Grate the soap. I usually do this by cutting it into chunks and feeding it directly into my food processor, letting the blade cut it up (I suppose you could also use the grater attachment thingy as well). Once the soap is finely grated, add the rest of the ingredients and mix. Make sure you let the powder settle before you take the lid from the food processor—otherwise you’ll be inhaling this stuff. It may be safe for washing, but you don’t want it in your lungs. Add essential oil to your own scent preference. Use one tablespoon per small load, two per large load. Cost per load? Anywhere from 5-10 cents.
Oh, and you’ll probably want to add a desiccant to your bucket-full of detergent. Try a few tablespoons of powdered clay in a small pouch or sock. Storing this in your detergent container will keep the powder from clumping as it absorbs moisture. Need to find a bucket with a lid for this project? I get mine from the café or bulk section of my local co-op—they usually get things like tahini and almond butter in bulk, leaving them with lots of handy bucket-and-lid combos.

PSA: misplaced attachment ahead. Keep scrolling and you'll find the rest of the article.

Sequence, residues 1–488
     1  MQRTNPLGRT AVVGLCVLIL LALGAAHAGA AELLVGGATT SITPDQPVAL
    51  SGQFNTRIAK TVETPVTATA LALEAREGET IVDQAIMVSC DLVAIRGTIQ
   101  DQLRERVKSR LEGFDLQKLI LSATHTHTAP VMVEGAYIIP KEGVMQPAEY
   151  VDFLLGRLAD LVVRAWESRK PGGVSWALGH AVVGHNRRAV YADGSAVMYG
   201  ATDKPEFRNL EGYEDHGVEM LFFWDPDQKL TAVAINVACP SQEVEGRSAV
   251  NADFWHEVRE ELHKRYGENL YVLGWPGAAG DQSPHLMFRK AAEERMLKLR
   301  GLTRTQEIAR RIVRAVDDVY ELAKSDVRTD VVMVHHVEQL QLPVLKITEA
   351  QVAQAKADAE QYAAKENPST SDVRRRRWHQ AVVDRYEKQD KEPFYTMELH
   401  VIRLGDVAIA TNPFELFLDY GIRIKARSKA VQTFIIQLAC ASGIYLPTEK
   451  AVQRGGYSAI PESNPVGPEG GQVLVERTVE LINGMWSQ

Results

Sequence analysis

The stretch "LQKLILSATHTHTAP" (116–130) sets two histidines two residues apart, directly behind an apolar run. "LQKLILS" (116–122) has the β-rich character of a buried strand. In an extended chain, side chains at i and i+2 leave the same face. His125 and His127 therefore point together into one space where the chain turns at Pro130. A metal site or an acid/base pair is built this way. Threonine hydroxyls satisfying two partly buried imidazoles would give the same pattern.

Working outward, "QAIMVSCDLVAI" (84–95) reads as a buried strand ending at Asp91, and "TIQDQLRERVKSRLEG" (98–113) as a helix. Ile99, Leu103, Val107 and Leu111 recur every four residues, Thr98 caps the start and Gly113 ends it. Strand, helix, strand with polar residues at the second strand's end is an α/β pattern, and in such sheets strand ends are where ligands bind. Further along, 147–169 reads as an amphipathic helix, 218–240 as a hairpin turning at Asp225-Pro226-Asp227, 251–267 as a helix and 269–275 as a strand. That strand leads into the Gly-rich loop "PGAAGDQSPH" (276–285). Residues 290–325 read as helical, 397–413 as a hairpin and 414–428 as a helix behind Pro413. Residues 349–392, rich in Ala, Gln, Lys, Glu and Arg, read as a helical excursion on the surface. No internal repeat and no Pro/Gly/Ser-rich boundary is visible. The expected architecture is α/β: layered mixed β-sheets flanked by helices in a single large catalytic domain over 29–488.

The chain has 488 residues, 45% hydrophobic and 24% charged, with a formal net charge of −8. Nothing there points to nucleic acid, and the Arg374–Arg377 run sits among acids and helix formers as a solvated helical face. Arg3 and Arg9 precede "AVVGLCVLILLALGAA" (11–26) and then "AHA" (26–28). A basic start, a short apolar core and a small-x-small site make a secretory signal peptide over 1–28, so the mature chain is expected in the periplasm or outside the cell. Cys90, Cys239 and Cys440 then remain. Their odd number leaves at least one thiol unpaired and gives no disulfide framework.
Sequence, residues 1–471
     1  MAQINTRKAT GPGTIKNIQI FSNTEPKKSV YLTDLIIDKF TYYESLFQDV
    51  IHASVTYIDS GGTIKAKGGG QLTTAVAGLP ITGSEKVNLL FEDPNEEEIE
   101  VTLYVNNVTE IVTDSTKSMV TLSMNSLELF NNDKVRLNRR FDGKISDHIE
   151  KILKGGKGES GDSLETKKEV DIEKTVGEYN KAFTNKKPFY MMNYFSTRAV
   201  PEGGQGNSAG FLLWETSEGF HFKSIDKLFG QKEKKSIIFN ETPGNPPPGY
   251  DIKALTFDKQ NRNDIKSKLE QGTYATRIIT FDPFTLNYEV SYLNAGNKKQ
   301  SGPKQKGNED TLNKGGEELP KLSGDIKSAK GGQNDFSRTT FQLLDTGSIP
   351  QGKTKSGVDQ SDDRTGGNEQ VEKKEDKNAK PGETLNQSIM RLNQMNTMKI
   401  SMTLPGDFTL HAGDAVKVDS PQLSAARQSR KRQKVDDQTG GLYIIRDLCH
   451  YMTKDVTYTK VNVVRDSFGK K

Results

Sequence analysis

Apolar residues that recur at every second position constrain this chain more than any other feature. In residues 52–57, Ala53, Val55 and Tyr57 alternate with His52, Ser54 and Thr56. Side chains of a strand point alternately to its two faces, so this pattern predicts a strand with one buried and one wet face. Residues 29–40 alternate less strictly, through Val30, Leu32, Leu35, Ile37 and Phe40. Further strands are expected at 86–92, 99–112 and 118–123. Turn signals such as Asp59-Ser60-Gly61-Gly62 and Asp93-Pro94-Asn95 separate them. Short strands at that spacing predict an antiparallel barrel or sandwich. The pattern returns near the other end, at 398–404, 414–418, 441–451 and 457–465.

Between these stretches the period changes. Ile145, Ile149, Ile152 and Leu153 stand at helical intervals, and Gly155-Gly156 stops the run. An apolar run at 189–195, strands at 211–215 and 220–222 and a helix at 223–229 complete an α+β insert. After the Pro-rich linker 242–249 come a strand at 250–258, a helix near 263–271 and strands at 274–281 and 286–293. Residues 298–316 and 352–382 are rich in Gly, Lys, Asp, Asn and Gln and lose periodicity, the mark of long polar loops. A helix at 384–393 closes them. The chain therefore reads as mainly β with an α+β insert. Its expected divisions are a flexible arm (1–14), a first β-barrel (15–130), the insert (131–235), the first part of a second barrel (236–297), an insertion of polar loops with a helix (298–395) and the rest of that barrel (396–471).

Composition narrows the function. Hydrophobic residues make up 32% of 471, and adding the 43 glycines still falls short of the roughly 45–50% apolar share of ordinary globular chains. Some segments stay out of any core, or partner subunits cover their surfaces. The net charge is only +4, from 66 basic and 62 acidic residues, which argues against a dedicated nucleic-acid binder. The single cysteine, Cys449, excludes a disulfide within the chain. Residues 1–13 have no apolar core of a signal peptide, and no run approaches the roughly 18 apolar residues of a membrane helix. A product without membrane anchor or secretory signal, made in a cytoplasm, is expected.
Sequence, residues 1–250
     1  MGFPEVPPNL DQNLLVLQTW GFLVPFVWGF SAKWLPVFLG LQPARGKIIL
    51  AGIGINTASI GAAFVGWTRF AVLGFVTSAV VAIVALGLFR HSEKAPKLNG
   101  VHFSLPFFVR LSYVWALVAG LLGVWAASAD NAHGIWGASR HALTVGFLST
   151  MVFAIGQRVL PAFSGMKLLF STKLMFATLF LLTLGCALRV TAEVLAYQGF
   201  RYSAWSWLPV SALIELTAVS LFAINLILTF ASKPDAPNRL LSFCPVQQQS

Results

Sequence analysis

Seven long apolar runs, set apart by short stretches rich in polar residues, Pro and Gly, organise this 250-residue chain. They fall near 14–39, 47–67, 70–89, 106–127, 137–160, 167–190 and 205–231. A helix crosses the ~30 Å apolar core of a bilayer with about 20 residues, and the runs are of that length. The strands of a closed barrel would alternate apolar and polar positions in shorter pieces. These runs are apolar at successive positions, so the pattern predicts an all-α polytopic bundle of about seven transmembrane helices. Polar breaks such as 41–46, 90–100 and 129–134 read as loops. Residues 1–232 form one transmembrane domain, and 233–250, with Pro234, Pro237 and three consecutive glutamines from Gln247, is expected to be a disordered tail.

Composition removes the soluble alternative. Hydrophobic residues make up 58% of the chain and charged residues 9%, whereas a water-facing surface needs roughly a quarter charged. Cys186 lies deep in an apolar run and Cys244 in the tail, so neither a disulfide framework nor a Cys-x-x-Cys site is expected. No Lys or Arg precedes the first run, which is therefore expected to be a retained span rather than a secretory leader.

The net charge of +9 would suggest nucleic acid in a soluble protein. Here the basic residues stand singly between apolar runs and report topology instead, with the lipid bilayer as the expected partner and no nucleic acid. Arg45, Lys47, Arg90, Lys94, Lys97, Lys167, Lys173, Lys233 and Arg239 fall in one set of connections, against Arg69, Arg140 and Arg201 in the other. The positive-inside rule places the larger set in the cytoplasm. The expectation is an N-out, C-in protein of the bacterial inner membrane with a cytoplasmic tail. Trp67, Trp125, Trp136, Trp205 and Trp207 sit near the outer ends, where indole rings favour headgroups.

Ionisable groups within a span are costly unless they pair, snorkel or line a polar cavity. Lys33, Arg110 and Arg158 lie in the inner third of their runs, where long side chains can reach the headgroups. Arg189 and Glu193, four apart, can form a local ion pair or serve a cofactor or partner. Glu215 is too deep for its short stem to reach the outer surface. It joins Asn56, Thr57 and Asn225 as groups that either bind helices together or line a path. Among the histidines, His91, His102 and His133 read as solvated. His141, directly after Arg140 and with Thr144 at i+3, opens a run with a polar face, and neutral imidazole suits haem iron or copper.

Bonus: Air dry when you can, but if you are using a dryer, infuse a dry washcloth with 30 drops of your favorite essential oil and toss this into the dryer with the clothes—definitely a better option than dryer sheets.
Citrus Floor Cleaner:
I searched long and hard for a good, wood-friendly, floor cleaner. My yoga studio has bamboo floors and with all those feet coming in and out all day, it definitely needs constant attention. Speaking of feet—let’s think about them for a moment. Your feet have a high concentration of pores and pores absorb everything. Think about what you put your bare feet on and now think about what chemicals may have recently touched that surface. Yeah. No thanks.
For a chemical-free floor cleaner, try the following: